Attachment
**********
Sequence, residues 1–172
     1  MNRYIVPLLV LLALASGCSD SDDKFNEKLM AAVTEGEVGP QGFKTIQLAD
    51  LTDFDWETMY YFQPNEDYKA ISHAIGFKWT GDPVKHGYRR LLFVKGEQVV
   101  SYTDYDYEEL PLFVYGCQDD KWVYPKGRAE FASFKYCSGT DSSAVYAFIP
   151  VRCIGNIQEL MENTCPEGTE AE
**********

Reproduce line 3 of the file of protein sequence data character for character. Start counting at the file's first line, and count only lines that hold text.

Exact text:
    51  LTDFDWETMY YFQPNEDYKA ISHAIGFKWT GDPVKHGYRR LLFVKGEQVV